carpal tunnel injection


I have recently been diagnosed with CTS, It started about 4 mths ago. I kept getting severe pins and needles in my left hand, lost sensation in fingers and thumb, constant shaking of hand, shooting pains from palm to elbow., and pains in triceps muscle and lost all strength in hand could not hold anything. I was given a wrist splint to wear and waited for appointment to see consultant. I was given Nerve conduction test, which confirmed CTS in both hands. I have recently (2 days ago) have had the injection, which has relieved some of the symptoms, the pins and needles and shooting pains and triceps pain and my had does feel stronger, but i still have no sensation in fingers and still have ache in thumb and fingers. I dont know if because the pain was so severe in my left hand or that i have over used my right hand but the pins and needles and pains in my right hand have gotten more noticeable

I would like to know if this will get any better or will more injections be required or surgery.

Help !!!


I would be better able to answer that if I knew what your nerve conduction studies looked like but from the information available in that posting it does rather sound as though you are likely to require further treatment. Either a second dose of steroids or surgery are really the only options. More is known about surgery and you can read the surgical treatment page here to get a fairly good idea of what is involved and what the likely outcomes are (again it helps if you know your nerve conduction results).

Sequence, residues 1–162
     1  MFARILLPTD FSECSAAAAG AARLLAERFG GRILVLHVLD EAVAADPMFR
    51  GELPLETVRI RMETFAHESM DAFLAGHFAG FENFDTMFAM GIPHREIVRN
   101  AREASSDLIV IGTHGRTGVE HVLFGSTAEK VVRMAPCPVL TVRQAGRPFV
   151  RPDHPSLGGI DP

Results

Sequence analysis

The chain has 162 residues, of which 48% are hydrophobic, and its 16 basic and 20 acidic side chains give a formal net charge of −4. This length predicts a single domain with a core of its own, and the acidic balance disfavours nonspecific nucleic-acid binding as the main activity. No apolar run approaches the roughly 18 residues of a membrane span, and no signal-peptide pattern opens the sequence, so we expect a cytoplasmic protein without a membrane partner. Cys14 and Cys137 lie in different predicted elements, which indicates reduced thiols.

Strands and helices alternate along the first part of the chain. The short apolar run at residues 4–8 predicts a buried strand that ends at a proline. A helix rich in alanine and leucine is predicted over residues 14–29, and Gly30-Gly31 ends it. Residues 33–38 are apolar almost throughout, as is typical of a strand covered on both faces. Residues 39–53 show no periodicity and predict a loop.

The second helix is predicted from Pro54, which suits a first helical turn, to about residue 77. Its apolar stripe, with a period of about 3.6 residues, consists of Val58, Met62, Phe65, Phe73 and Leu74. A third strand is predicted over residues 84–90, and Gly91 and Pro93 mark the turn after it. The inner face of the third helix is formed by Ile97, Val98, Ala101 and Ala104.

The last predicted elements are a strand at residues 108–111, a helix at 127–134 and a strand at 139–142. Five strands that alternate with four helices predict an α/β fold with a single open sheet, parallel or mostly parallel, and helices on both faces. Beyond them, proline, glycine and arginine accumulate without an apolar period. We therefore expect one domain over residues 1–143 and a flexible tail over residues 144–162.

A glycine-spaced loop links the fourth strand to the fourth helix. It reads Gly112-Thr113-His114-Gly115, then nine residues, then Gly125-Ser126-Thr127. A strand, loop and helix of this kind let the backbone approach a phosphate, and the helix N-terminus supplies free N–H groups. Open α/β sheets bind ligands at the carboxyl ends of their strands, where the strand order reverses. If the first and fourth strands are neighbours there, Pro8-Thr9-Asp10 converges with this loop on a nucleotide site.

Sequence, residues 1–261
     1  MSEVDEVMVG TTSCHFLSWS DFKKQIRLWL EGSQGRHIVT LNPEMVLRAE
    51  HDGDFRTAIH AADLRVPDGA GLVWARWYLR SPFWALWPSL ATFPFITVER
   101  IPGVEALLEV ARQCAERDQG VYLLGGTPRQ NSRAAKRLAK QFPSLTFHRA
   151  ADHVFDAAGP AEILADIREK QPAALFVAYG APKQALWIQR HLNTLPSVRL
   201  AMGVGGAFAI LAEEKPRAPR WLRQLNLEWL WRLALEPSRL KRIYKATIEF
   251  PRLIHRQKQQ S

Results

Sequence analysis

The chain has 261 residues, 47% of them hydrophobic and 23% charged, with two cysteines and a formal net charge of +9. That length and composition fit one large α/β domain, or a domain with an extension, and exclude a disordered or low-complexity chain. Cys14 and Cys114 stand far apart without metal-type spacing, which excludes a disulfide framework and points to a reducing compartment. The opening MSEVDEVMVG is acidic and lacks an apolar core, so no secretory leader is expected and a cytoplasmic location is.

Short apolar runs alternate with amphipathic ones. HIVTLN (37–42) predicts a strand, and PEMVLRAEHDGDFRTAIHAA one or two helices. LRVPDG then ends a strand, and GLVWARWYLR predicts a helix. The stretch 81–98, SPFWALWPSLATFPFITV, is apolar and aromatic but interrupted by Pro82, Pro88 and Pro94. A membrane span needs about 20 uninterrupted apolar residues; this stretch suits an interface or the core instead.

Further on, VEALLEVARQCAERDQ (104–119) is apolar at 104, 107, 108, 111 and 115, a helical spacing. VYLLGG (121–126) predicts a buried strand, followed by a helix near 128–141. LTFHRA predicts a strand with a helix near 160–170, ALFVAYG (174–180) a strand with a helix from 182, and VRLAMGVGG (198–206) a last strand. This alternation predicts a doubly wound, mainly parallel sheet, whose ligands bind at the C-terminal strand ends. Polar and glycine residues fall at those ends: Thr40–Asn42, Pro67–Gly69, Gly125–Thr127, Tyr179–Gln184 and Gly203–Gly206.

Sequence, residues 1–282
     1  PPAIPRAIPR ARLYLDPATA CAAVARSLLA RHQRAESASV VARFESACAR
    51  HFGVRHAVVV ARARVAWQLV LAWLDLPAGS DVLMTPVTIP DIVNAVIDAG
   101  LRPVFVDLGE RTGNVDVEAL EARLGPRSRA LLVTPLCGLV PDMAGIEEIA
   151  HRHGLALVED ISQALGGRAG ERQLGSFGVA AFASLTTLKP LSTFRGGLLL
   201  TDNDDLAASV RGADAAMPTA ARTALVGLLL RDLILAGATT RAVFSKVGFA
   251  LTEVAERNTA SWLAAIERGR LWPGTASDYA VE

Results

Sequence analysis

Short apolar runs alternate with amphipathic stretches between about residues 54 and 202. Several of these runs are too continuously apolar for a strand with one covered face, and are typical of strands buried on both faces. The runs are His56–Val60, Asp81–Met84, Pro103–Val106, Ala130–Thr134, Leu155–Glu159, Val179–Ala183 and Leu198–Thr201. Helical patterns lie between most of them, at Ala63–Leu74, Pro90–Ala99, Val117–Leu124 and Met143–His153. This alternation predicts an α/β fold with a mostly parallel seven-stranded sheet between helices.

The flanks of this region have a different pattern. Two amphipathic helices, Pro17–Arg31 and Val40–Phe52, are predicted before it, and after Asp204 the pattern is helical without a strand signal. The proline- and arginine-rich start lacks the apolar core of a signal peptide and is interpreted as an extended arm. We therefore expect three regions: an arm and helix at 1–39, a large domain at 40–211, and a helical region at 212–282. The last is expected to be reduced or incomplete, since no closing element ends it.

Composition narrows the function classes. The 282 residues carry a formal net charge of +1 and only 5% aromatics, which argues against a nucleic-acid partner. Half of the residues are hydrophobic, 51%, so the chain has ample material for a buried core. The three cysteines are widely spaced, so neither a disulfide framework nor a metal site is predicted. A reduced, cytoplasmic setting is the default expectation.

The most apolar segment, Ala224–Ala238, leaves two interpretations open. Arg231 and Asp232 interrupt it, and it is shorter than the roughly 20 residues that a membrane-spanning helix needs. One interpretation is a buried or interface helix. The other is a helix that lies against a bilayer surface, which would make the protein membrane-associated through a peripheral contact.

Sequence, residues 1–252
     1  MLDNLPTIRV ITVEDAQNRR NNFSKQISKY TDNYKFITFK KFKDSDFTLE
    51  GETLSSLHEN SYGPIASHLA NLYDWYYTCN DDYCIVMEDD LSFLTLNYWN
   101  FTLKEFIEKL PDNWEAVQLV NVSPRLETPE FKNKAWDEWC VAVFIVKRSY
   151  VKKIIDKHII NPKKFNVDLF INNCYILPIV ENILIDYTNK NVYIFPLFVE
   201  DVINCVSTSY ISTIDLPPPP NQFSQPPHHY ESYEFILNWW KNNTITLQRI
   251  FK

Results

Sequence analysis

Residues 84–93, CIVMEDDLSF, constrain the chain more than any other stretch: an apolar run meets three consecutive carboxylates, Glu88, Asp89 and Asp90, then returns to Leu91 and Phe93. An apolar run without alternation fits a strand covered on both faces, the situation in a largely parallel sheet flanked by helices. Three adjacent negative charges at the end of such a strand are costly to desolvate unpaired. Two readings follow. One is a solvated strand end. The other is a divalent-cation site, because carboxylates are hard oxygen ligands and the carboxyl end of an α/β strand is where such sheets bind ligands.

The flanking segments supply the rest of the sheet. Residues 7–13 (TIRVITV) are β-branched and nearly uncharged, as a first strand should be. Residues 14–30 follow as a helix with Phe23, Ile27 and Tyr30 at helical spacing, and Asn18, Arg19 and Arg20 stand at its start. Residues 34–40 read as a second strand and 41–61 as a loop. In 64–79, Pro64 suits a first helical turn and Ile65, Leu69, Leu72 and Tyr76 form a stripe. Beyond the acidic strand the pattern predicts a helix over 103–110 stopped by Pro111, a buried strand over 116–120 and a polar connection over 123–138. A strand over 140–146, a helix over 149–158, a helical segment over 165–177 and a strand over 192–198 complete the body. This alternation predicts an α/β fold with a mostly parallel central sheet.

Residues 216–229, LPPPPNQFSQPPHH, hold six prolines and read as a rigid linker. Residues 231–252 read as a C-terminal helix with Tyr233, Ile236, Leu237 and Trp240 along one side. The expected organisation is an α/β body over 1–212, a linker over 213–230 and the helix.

Much less is known about second injections, especially in the situation where one has just been given and either been ineffective or only partially effective, as here. In a Spanish study a few years ago a treatment protocol was used where on in jection was given and the patient was see two weeks later. If there were any residual symptoms at that 2-week review a second dose was given. That study is unusual in that the clinical outcomes were unusually good in the injection group (they were comparing with surgery and had similar outcomes at one year). There is no other formal work on whether a quick second injection is worth a try in this situation. It would be useful to know what steroid and dose they used - some people use very small doses and if that was the case then there would probably be a better argumant for trying again.

I would not quite give up on this injection yet as we do see some late responses - we usually review at 6 weeks, by which time I fee that all of the patients who are going to respond to our initial injection probably have done so. JB

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